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Non-constricting rings Stalked, three-celled rings. µm. Prey is entangled when trying to pass. Dactylaria candida Dactylella leptospora Hourglass-shaped adhesive knobs Multinuclear syncytia covered with adhesive substance. Short, non-cellular stalks. Very adhesive Nematoctonus geogenius Nematoctonus leiosporus

ENDOPARASITIC / ENDOZOIC FUNGI:

ENDOPARASITIC / ENDOZOIC FUNGI These fungi produce either simple or flagellate adhesive spores which upon contacting a nematode quickly and firmly attached to its cuticle. It then germinates and enter the nematode body through germ tube. Simple spore are ingested by nematode, reach the oesophagous / buccal cavity where they germinate e.g.. Harposporium anguillulae while sticky spores stick to the nematode body & germinate and penetrate directly through the nematode cuticle, produce infective hyphae e.g. Meria coniospora & Nematoctonus bisporus . Example of flagillated spore is Cateneria auxilliaris.( infecting Heterodera avenae & Globodera rostochiensis) The infection of endozoic fungi has been observed on Heterodera schachtii (Khun, 1877); H. avenae and G. rostochiensis ( Kerry, 1975; Kerry et al.., 1976)

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Zoosporangia of Catenaria in a nematode body

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A female of cereal cyst nematode, Heterodera avenae , and the cyst-parasitic fungus, Nematophthora gynophila

Parasitic Fungi: Zoosporic:

Parasitic Fungi: Zoosporic Infection process: Consumption of conidia of Harposporium sp. Sticky conidia: Cephalosporium spp. and Verticillium spp. Zoospores: Chytridiales: Catenaria auxiliaris Oomycota: Nematophthora gynophila

EGG PARASITIC FUNGUS:

EGG PARASITIC FUNGUS These fungi may be of particular significance with those nematodes that aggregate their eggs and fungal food source in masses. Particularly root-knot & cyst nematodes. Paecilomyces lilacinus: It shown some effect in controlling Meloidogyne incognita eggs on potato roots and also found invading mature females of cyst of Globodera pallida. This fungus also found to increase the growth of brinjal plants and reduced root galling. This fungus @ 4 & 8 g per kg soil significantly reduced M. incognita population. Dickson and Mitchell (1985) however , have reported that Paecilomyces lilacinus is largely effective for the management of M. javanica on tobacco in micro plots. Verticillium chlamydosporium : This fungus found to parasitize M. arenaria females and also found in the cysts of Heterodera glycines . It has been observed that young white females are not attacked but those in which eggs have been susceptible to invasion. It has potential to prevent the egg hatching of M. arenaria and to colonize eggs by hyphal penetration. This fungus play a crucial role as a part of INM when used along with oil cakes and other fungi.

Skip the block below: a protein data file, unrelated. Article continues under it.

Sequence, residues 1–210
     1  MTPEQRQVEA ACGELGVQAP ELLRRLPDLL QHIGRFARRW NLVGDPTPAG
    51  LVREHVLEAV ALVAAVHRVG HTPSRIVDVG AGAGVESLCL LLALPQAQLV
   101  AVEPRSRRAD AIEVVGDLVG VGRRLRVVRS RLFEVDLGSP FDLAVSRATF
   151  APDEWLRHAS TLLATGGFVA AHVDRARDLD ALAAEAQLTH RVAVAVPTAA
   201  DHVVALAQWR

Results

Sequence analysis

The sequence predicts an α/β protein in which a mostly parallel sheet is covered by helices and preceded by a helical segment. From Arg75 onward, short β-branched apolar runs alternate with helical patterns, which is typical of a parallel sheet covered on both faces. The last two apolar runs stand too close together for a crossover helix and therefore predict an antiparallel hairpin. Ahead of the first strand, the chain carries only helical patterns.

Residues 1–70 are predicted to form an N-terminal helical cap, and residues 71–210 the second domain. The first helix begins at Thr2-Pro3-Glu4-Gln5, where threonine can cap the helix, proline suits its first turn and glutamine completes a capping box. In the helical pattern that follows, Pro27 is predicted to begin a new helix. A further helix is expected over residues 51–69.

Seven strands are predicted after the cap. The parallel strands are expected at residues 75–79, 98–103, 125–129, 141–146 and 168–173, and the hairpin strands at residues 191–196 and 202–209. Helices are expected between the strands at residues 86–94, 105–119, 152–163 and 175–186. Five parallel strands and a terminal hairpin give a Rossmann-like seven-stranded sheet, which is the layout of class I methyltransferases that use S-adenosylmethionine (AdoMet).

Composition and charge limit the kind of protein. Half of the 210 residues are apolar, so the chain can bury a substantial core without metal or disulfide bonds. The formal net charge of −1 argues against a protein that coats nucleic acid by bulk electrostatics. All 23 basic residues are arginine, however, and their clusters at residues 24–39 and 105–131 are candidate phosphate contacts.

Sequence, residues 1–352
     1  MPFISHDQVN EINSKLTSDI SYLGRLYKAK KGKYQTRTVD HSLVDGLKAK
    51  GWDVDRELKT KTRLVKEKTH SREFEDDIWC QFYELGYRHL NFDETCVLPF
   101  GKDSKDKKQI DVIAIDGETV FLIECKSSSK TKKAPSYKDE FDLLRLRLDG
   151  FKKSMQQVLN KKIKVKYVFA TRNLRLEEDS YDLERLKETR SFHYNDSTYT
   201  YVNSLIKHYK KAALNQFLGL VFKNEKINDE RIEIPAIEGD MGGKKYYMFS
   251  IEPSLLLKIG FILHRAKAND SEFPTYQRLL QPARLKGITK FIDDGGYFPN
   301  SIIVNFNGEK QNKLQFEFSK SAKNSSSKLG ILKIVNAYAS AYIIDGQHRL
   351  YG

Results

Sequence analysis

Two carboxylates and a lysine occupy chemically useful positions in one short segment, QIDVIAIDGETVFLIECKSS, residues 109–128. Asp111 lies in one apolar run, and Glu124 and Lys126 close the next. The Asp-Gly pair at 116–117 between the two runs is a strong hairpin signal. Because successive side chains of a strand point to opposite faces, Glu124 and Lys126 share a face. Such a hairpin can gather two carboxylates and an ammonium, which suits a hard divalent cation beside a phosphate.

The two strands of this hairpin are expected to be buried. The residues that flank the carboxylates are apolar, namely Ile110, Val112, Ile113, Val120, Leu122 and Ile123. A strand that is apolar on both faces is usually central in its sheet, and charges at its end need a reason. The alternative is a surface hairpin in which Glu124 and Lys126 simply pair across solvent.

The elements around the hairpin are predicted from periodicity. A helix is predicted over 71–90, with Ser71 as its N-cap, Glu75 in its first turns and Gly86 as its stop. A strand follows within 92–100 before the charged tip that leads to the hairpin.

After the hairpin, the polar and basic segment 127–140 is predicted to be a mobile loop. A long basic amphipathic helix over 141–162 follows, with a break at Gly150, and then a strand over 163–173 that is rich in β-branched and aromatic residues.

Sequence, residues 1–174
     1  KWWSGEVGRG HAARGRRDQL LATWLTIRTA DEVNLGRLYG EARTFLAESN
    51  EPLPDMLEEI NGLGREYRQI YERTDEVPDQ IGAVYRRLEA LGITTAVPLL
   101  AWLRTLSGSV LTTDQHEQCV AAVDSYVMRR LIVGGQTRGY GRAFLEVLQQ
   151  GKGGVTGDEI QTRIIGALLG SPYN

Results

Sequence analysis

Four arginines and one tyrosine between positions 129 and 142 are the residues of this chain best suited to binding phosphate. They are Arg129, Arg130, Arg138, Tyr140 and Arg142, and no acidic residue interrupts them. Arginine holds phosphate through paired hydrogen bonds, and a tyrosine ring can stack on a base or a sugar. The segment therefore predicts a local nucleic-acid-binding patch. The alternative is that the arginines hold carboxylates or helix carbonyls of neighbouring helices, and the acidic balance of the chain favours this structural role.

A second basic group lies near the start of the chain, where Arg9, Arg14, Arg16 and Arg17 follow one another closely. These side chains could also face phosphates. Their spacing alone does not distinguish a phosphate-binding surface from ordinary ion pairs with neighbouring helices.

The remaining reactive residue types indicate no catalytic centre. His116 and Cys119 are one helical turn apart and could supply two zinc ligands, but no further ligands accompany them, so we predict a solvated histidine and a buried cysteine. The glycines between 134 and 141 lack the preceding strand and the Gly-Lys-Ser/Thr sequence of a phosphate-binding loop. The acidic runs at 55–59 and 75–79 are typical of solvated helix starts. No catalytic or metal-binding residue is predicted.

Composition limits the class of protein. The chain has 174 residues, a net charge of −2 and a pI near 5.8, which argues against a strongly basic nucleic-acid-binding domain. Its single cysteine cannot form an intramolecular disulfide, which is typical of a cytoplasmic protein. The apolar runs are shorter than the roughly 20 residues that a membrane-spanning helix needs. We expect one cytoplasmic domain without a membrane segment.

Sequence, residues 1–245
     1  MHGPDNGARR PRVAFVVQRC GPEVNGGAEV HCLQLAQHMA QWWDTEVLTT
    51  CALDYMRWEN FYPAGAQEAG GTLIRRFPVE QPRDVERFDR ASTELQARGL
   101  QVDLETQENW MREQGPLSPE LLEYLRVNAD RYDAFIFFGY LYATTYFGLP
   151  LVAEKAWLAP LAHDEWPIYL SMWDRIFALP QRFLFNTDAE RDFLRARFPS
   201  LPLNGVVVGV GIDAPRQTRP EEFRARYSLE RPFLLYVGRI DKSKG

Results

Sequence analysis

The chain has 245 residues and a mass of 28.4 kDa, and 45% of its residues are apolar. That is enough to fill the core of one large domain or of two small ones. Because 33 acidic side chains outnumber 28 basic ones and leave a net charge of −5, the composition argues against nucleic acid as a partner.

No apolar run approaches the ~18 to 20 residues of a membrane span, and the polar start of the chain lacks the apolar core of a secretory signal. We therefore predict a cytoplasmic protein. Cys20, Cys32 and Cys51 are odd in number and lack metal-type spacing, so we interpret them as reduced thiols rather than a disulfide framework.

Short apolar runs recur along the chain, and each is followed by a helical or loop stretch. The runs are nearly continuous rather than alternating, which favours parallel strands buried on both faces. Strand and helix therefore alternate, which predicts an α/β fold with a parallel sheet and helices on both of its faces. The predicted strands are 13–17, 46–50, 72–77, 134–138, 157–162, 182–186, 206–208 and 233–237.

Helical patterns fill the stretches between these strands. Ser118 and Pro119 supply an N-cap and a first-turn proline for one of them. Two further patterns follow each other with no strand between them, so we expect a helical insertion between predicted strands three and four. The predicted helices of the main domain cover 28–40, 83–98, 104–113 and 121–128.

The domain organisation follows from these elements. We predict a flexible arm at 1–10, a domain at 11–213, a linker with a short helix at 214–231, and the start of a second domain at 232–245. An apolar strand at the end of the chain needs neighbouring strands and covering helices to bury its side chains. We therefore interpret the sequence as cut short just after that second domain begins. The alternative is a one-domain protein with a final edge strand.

Effect of V. chlamydosporium:

Effect of V. chlamydosporium

Fungal Parasites of Sedentary Stages :

Fungal Parasites of Sedentary Stages Cylindrocarpon destructans Dactylella oviparasitica Paecilomyces lilacinus Verticillium chlamydosporium Verticillium lamellicola Verticillium lecanii Verticillium leptobactrum Verticillium suchlasporium Rapid growing Culturable May produce disruptive enzymes and toxic metabolites

Paecilomyces lilacinus :

Paecilomyces lilacinus PAECIL™, BIOACT®, NEMACHEK Technological Innovation Corporation, Australia BIOSTAT, Laverlam S.A., Colombia

Trichoderma spp.: